In a similar vein, the common law has long held that agreements impairing elections are void as against public policy.[53] The reason for this rule was that "[p]ublic offices are public trusts, and should be conferred solely upon considerations of ability, integrity, fidelity and fitness for the position."[54] On this basis, agreements procuring a candidate's withdrawal from the pursuit of public office have been found void as against public policy.[55] That is, an agreement not to run for office is unenforceable. It is true that many of these cases involved the exchange of money for the candidate's withdrawal or involved candidates who had been officially nominated.[56] Nonetheless, they were also undergirded by concerns for the electoral process and voting rights. As one court stated, such an agreement "is against public policy because it affects the integrity of the elective franchise and puts it in the power of a corrupt person to defeat the will of the people . . . ."[57]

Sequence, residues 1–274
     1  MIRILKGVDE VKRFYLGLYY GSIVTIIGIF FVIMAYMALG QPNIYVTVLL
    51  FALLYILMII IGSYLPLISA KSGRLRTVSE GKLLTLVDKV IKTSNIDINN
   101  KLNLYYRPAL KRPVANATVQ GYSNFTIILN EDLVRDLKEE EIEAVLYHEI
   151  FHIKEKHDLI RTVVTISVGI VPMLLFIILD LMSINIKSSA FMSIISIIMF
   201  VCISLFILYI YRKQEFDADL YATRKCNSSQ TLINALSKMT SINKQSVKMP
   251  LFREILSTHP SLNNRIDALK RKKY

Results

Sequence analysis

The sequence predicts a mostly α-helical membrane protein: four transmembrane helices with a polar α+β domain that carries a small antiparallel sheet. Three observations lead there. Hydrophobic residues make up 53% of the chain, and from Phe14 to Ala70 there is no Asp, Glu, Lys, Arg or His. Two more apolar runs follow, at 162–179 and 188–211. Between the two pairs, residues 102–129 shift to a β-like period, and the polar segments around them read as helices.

Thus, various policies weigh in favor of nonenforcement, including the effect the agreement has on voters' rights and the potential for treating public office as private property.

         3. PUBLIC POLICIES FAVORING ENFORCEMENT

         Turning to the policies favoring enforcement, we begin by noting that prosecutors have broad charging discretion when pursuing their cases.[58] And "plea bargaining [is] 'an essential component of the administration of justice'."[59] Consequently, at a general level, public policy supports the plea-bargaining process.[60] But these interests are not without limits. A prosecutor has no interest in "enter[ing] into plea agreements at any expense" and regardless of whether the agreement serves the ends of justice.[61] Likewise, a prosecutor may not abuse his or her charging discretion by exercising it in an arbitrary manner.[62] The prosecutor here also notes that the "public expects lawmakers to uphold the laws, and it is appropriate to punish lawmakers, like other members of the public, when they do not." Additionally, the prosecutor and the dissent contend that other defendants can surrender the practice of their professions, and candidates for office should also be able to relinquish their ability to pursue office.